This is part two of a two-part piece. Part one can be found here.

Seeing Is Believing

In some cases, disparate data points alone aren’t enough to compel a manufacturer to action, especially when operators can’t physically see the problem identified by the data. Rather, it’s combining data in a way that defines root causes that offers compelling enough evidence to drive actionable improvements.


When a performance management software system at a large beverage manufacturer pointed to significant downtime in a tunnel heater machine, operators simply didn’t believe the data because they didn’t see the machine stop. Investigation into the process revealed the machine was stopping frequently because its heaters were undersized, an issue confirmed by monitoring the temperature inside the tunnel.

The heaters could not quite keep up with the flow of product entering the tunnel, so the conveyor stopped until the temperature increased — all within a split-second. Leveraging these objective, fact-based data points from the control system allowed the manufacturer to identify root causes and specific improvements to reduce costs.

How to Improve Efficiency

Implementing a system that will help improve efficiency and reduce costs requires not only collecting and storing the right data, but also analyzing it in a way that offers actionable, measurable process improvements. Following these easy steps can set a manufacturer up for serious savings:

  • Collect and store performance data — Data should be collected from the control system and stored within a performance management software system database. Many manufacturers rely on clipboards and Excel spreadsheets to house this data, but leveraging an off-the-shelf software program will allow for deeper analysis and more impactful long-term insights.
  • Collect the right kind of data — OEE data points alone can’t provide a manufacturer with adequate information to determine root causes. Manufacturers should also collect data that measures production counts, scrap rates, machine cycle times, downtimes and causes, unproductive time, machine states and quality problems.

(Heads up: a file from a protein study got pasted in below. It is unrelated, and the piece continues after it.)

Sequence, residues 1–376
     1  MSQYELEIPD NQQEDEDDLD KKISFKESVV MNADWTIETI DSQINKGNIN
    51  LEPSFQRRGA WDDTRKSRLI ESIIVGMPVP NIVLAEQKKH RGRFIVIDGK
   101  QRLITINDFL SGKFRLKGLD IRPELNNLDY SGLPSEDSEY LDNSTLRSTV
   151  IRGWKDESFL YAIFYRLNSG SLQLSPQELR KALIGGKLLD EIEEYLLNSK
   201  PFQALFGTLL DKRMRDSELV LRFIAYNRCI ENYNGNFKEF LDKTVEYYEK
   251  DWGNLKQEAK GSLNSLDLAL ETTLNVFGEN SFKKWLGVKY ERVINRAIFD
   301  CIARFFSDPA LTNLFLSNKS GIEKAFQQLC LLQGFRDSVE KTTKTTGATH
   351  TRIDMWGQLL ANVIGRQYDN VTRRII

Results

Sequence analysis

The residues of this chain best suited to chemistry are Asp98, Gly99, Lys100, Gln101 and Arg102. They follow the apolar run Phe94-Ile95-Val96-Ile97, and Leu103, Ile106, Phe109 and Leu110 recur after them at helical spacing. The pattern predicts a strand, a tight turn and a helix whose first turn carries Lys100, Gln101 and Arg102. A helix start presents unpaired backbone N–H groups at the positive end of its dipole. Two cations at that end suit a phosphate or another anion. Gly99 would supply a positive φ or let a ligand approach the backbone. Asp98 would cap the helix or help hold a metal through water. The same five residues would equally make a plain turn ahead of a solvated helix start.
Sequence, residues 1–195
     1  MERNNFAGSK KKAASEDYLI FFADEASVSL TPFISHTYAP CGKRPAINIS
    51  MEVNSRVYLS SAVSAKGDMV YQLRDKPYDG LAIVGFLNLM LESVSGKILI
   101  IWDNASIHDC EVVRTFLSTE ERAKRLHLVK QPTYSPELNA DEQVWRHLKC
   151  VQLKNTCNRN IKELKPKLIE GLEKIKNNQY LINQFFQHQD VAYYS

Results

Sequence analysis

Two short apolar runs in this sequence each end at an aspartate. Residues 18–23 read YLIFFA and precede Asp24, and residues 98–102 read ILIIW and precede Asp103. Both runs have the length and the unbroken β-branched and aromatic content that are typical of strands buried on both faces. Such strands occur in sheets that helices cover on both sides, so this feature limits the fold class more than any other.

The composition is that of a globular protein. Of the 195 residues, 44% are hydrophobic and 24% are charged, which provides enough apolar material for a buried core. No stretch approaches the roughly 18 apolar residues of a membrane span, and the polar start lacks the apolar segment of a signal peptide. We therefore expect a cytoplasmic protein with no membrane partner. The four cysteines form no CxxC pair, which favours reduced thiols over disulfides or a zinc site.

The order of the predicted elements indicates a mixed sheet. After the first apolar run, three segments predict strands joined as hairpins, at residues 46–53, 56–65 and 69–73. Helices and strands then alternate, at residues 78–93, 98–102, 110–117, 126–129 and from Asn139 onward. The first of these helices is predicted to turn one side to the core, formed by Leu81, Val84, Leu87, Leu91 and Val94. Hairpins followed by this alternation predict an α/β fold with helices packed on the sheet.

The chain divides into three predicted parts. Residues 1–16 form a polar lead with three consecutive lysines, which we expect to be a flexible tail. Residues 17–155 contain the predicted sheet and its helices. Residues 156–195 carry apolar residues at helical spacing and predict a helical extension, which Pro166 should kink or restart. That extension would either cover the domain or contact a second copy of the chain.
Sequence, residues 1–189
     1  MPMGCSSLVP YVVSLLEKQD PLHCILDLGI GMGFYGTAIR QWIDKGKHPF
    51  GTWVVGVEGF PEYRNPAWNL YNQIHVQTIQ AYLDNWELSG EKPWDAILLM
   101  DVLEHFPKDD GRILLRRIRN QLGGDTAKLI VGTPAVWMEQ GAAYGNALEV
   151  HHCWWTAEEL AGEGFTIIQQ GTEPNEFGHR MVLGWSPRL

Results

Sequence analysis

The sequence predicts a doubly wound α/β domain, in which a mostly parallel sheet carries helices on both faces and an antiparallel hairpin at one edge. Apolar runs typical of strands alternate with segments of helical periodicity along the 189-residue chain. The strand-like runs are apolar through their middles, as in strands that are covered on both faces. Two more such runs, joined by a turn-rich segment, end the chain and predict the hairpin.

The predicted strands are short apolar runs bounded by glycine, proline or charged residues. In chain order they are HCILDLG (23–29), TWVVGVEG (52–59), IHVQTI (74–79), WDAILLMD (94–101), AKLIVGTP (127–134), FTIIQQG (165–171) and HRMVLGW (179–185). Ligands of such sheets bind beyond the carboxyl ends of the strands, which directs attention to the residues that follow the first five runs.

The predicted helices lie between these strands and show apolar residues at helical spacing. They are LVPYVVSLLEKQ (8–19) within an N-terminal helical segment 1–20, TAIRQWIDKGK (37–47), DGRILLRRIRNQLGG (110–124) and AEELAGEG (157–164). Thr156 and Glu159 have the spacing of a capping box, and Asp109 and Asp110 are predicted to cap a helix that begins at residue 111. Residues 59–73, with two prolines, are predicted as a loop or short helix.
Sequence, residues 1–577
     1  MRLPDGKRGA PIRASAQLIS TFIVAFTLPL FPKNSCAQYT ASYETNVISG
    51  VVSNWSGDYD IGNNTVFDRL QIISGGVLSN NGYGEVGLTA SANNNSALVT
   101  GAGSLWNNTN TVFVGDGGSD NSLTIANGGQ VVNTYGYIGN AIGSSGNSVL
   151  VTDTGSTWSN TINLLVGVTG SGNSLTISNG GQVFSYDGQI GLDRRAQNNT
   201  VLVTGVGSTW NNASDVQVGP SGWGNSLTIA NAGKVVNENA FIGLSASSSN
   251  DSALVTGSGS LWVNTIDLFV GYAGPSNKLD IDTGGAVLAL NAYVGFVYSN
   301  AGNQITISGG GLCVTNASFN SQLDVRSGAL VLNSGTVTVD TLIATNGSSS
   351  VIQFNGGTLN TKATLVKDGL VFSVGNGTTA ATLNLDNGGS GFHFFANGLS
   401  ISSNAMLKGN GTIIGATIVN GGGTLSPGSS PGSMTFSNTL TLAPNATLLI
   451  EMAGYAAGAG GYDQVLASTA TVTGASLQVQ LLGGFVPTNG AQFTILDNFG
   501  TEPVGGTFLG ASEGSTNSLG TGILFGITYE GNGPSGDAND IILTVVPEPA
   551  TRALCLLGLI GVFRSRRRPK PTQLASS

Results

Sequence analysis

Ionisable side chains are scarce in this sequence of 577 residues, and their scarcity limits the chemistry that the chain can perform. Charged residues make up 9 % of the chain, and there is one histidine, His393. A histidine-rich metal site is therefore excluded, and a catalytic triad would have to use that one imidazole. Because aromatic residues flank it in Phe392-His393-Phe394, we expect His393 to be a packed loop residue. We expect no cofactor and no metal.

• Analyze the data — In general, OEE calculations lead managers to compare machine performance to determine whether equipment is achieving maximum production. They don’t, however, answer the question of how to produce more. Analyzing a deeper level of control system data via a performance management software system allows manufacturers to begin answering questions such as: How are we doing? What are the real problems? What should we focus on first to make things better?
  • Act on the data to make process improvements — A performance management software system can generate easy-to-understand dashboards that identify areas for improvement — but it cannot physically take action on the plant floor. That responsibility ultimately falls on the plant manager.


Bringing efficiencies into focus is a business imperative for every forward-looking manufacturer. Together with a sound strategy, a comprehensive performance management software system can reveal data needed to make informed — and measurable — operational improvements.

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